By Stephan Sardone
In the summertime, you want the kids out of the house as much as possible. They should be taking advantage of the great outdoors.
But the reality of the weather in Texas means they need protection and motivation. Aside from hats and sunscreen, a playhouse provides cover and gets the kids out of the house.
They also promote sociability. Imagine your children getting their buried heads from the cellphone or video game console and playing with their family and friends. It can still happen. A backyard playhouse is a great excuse to get outside.
In these PC days, you may want to build a playhouse that is gender neutral. But I have two daughters, and they would like their playhouse built to be a bit more feminine. They are fortunate to have a father who is a professional, licensed contractor. Anything I build for them will fit into their piggy bank budget.
Gender priorities also run in boys. It is highly unlikely that they would ask for frilly curtains. They are looking for rugged. Both styles are easy to accommodate.
Your first impression of a playhouse is a small house with a peaked roof, a front door and windows. This does not need to be the case. Playhouses can have small patios, peepholes versus standard window openings and curtains, beads or swinging doors at the entrance. Imagine a playhouse that looks like an old western saloon or a fairy tale cottage. The styles are endless.
One place to start is a place you may not have considered. Instead of throwing out an old piece of furniture like a dresser or bookcase, repurpose it for the inside of the playhouse. This saves time and money, even if it needs to be refinished.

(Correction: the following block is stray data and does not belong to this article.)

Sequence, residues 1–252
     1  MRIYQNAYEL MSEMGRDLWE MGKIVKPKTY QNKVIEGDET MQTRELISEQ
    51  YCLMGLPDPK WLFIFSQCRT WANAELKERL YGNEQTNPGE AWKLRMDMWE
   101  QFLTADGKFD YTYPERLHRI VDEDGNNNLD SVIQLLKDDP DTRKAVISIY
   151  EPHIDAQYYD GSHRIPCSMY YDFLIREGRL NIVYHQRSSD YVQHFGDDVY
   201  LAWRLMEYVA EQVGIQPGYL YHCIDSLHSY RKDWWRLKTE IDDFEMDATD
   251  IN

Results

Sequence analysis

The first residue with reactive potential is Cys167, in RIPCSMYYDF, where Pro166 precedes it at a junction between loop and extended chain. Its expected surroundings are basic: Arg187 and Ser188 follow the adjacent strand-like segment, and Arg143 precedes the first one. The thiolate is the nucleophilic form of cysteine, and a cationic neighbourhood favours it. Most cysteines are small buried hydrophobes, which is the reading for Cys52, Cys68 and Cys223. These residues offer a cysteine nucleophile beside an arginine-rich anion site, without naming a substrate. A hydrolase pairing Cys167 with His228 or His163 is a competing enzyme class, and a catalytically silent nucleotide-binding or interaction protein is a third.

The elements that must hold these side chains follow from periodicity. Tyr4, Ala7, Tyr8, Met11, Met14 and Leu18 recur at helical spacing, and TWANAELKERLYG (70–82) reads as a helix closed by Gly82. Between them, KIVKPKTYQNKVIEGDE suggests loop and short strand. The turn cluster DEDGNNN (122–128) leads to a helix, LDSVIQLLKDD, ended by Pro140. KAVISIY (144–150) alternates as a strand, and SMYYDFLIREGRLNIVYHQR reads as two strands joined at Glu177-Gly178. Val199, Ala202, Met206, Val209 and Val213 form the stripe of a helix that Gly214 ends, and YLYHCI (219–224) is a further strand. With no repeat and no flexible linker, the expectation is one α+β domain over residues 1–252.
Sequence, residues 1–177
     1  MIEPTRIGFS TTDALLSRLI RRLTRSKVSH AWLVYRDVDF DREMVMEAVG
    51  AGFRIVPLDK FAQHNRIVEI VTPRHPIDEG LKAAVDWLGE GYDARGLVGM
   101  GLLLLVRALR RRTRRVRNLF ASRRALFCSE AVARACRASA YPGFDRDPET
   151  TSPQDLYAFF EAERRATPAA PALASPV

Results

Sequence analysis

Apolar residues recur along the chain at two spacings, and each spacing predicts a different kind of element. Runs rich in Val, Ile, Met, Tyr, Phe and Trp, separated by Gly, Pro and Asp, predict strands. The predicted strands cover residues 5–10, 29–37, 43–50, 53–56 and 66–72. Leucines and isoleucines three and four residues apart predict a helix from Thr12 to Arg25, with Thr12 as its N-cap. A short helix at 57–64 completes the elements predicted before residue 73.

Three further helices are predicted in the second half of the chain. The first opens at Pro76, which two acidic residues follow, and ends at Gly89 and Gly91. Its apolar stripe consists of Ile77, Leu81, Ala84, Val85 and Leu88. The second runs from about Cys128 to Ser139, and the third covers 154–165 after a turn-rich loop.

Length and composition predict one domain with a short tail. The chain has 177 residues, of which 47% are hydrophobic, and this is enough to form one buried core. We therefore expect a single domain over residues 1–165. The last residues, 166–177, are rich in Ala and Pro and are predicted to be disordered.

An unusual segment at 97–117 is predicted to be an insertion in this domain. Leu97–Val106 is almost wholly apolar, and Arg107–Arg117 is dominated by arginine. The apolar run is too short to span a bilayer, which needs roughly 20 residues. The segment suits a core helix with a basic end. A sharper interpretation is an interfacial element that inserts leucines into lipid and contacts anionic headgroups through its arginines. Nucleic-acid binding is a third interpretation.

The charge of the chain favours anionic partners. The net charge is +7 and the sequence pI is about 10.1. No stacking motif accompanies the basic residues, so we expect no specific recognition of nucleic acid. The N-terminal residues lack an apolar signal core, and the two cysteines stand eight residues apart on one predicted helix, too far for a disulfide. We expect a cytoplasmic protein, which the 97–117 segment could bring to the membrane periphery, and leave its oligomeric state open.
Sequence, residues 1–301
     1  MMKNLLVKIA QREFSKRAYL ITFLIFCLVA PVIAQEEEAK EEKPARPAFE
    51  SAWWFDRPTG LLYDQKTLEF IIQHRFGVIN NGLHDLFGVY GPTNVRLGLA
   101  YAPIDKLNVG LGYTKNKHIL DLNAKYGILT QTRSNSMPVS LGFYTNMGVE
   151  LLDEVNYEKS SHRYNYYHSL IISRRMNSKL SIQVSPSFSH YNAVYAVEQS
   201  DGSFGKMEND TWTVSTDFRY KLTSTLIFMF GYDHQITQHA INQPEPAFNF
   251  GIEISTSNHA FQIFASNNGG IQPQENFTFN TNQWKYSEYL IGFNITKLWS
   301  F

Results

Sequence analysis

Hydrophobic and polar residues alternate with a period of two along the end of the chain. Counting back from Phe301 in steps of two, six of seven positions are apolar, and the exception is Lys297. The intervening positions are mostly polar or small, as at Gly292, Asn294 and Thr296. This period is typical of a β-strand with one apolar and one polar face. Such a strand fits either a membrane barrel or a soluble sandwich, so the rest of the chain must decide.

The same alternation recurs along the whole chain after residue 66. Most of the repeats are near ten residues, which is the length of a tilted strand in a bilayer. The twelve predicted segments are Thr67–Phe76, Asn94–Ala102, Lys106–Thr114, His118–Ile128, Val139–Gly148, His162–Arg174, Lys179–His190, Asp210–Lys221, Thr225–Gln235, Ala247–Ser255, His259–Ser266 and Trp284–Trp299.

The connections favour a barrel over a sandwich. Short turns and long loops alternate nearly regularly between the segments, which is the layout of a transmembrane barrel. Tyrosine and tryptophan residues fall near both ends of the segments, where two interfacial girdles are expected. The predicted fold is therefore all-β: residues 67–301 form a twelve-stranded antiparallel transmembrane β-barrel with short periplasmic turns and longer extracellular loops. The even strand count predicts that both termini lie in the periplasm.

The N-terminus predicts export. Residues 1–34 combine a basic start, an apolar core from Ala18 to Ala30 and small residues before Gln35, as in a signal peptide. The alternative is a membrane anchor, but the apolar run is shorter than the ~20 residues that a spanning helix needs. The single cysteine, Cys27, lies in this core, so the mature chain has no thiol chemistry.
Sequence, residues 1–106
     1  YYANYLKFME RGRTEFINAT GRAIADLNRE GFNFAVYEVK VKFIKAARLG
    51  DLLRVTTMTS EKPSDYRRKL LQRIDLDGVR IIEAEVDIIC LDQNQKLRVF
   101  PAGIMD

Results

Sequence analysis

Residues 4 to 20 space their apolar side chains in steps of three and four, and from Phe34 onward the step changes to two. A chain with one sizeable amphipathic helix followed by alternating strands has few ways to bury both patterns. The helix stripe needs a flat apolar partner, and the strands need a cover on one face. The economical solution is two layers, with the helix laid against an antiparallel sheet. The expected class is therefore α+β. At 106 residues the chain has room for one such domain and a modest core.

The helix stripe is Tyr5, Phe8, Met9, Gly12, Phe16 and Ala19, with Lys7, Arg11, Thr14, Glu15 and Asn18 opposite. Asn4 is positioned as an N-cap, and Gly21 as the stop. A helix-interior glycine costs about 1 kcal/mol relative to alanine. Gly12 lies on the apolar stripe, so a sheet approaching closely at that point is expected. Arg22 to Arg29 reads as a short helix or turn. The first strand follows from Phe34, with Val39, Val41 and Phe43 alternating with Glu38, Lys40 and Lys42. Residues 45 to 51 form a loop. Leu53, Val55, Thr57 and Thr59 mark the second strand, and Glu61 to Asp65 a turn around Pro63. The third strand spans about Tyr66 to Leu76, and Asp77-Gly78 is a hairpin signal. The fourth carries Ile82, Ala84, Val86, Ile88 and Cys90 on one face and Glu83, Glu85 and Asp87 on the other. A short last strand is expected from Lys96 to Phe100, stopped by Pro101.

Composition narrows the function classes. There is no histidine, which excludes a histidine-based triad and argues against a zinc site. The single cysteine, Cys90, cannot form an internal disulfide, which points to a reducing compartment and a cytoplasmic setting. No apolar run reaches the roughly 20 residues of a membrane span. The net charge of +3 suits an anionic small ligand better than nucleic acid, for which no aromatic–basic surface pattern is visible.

By the way, we are talking playhouse here, not tree house. That gives you unlimited potential. It can be easily moved as you change the look of your backyard. Also, you don’t need a tree, which adds ease to the building process and safety to the house. No need to climb ladders or ropes, which could cause injury to your youngster.
And let’s get this out of the way. If you are not an accomplished craftsman or craftswoman, you can buy a pre-made playhouse at most local hardware stores or big-box home improvement center. You are not selling out if you just buy a shell and then add your own magic to the house.
You can easily find plans for building a playhouse online. Most materials are low cost. Wood (plywood works), shingles, fasteners (nails and screws) and a quality saw is basically all you need. But don’t scrimp; you will want this playhouse to last for years.
And the simpler the initial plan, the easier it is to adapt as kids get older or the family grows. Make sure that the playhouse works with the look of the house. Have a Victorian? Build a Victorian style playhouse. Live in a sleek, modern home? Go sleek and modern. Either way, they can be tailored to your children’s wants and needs.
A couple of other considerations: Provide maximum light. Make sure that there is enough room inside so that the playhouse doesn’t become a sauna. Consider using recycled materials like pallets or old doors. And use bright colors. Kids will be even more attracted to their outside home.
A playhouse can stimulate imagination and sociability. It also kicks the kids out of the main house to play in their own house.